LTE Mobility Solutions at Network Level for Global Convergence

LTE Mobility Solutions at Network Level for Global Convergence

Balan Titus-Constantin, Sandu Florin
Copyright: © 2010 |Pages: 19
DOI: 10.4018/978-1-61520-674-2.ch018
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One of the research challenges for next generation all-IP-based wireless systems is the design of intelligent mobility management techniques that take advantage of IP-based technologies to achieve global seamless roaming among various access technologies. Since Mobile IPv6 is considered a mature protocol, mobility management at the network layer is the frequent approach for heterogeneous networks. The tendency of future convergent scalable architectures is splitting the mobility management in two domains, global mobility and localized mobility management. This chapter presents the advantages of MIPv6, a global mobility protocol, and its enhancements. A case study based on MIPv6 for UMTS and WiFi convergence is also presented. Proxy MIPv6, the newest protocol of the MIPv6 family, already included in the roadmap of future 4G networks, will be analyzed as a solution for localized mobility management. The main goal of the chapter is describing the way mobility protocols (MIPv6 and PMIPv6) will be implemented for the 3rd Generation Partnership Project (3GPP) Long Term Evolution architecture. The chapter ends with the presentation of the interoperation between different network technologies using global and localized mobility management protocols, which provide flexibility, scalability and independence between mobility domains.
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All-Ip Mobile Networks: Global Mobility Management

MIPv6 Overview

Mobile IP is a layer 3 host based global mobility protocol that solves the routing problem for mobile users. Two versions of Mobile IP have been standardized for supporting host-based mobility on the Internet: MIPv4 and MIPv6. They support the mobility of IP hosts by allowing them to utilize two IP addresses: a home address (HoA) that represents the fixed address of a mobile node (MN) and a care-of address (CoA) that changes with the IP subnet to which an MN is currently attached. In terms of the fundamental architectural aspects, these two mobility support standards follow the same concept, but the IPv6 header is special designed to support mobility. This is one of the greatest advantages that IPv6 offers. Compared to Mobile IPv4, Mobile IPv6 offers the possibility for route optimizing, thus the tunneling through HA method (triangular routing) can be avoided. Also the MIPv4 protocol has a Foreign Agent, a server similar with the Home Agent, which transmits all the messages, once the MN is attached to that visited network. For IPv6 there is no need for the Foreign Agent, all the messages can be send directly by the MN, without the need of any intermediate router. Besides the advantages for the mobility process, IPv6 offers the possibility of using the Neighbor Discovery Algorithm, the mechanism for address reconfiguration that makes the handover transparent to the user. Mobile IPv6 offers support for multiple Home Agents. Thus a wide distributed network based on IPv6 can be produced, and the HA workload will be fragmented for easier implementation of the protocol for wide distributed networks.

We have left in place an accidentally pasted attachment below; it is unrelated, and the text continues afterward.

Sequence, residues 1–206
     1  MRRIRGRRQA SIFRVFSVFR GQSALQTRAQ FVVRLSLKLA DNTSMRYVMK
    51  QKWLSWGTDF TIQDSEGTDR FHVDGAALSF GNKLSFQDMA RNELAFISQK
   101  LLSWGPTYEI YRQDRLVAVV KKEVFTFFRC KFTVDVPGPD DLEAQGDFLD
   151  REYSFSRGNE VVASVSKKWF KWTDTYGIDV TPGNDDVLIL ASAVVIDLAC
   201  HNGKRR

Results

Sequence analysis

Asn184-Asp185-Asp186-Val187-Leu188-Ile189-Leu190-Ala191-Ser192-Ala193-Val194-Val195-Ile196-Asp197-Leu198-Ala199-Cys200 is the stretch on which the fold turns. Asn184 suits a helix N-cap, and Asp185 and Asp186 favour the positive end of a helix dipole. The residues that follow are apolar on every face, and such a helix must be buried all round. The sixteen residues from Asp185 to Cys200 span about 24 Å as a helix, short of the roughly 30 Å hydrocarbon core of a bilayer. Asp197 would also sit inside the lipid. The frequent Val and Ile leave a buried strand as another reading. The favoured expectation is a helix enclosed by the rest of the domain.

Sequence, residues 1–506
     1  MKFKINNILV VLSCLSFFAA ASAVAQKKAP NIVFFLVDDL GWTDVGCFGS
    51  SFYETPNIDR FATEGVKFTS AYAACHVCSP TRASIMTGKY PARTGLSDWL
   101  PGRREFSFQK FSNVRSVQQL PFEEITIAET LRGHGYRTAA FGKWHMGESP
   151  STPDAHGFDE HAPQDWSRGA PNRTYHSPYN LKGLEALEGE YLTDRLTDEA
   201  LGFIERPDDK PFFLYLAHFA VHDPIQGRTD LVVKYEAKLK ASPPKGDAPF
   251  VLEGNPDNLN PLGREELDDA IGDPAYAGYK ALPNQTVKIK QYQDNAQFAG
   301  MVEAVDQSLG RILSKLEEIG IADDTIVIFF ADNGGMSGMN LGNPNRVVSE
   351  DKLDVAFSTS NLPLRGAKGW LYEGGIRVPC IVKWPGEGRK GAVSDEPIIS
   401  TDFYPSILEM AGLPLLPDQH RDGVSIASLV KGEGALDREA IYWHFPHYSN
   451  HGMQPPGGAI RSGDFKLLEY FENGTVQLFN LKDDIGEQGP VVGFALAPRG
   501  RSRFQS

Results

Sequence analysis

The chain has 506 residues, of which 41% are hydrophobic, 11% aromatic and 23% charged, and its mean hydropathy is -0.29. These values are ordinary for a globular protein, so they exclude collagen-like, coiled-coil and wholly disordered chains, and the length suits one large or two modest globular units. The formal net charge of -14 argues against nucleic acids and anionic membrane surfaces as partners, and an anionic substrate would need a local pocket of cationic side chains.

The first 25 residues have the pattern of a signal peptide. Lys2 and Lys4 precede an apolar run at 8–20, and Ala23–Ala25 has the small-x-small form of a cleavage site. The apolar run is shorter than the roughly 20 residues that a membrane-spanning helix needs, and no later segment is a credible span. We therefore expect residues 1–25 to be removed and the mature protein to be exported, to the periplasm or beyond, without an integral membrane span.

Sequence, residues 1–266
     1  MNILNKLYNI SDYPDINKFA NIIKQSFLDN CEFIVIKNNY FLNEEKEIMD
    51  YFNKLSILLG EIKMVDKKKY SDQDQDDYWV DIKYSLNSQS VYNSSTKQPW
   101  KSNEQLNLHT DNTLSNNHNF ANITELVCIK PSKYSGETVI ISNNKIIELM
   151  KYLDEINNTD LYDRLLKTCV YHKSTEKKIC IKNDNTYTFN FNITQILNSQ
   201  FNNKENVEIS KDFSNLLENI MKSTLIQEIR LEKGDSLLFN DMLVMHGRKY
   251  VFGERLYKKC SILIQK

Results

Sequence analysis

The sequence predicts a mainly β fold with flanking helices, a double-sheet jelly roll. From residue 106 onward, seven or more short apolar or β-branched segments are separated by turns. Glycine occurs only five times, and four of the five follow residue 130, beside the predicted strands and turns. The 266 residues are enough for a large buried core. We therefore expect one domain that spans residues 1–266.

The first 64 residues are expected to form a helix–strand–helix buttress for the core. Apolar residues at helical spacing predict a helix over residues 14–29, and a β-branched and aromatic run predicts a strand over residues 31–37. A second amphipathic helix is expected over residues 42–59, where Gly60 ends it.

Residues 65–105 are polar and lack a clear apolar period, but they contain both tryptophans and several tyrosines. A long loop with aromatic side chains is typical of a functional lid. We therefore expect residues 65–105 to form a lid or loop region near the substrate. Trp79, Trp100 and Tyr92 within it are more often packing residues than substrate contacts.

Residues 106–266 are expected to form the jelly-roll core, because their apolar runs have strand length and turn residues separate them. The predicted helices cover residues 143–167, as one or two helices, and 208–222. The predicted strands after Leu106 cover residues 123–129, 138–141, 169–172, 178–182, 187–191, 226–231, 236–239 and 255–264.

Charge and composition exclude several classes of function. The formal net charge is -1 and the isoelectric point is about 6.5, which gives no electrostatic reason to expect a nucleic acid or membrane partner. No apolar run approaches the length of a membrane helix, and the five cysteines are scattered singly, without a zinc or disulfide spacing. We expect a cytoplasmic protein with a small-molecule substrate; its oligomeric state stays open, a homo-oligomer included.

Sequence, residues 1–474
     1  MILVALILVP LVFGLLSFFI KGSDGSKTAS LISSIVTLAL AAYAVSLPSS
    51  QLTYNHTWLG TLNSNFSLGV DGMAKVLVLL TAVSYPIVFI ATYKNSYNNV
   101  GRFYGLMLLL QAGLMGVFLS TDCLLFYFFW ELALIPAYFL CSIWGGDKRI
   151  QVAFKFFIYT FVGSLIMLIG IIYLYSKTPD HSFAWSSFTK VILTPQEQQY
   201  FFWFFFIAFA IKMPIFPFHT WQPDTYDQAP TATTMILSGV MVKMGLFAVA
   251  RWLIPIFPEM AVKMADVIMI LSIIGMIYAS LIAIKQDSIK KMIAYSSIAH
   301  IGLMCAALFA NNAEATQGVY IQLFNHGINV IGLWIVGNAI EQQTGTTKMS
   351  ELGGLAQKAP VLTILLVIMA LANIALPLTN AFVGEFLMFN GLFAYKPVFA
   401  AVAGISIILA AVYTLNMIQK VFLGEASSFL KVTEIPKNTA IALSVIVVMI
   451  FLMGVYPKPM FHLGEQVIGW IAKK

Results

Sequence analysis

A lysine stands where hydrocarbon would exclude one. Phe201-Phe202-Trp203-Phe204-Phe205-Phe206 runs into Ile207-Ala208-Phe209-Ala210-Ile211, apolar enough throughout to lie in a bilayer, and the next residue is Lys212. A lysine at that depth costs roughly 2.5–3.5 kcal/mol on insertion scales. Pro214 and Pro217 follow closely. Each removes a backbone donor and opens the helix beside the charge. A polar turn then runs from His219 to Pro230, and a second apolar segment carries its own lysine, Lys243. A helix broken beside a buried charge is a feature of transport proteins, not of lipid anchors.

MIPv6 has still revealed some problems: handover delays, excessive signaling and packet loss, involving the mobile node in mobility related signaling so special heavy processing at MN level is required. Signaling related communication with the MN using the air interface lowers the performance.

A typical scenario to reach MIPv6 limits is when the number of hops to reach the MN from the HA is big, so the MN location is far away from its home networks and the connections on the path are slow and unreliable. Furthermore, despite the reputation of this protocol, it has been slowly deployed in real implementations and does not appear to receive widespread acceptance in the market.

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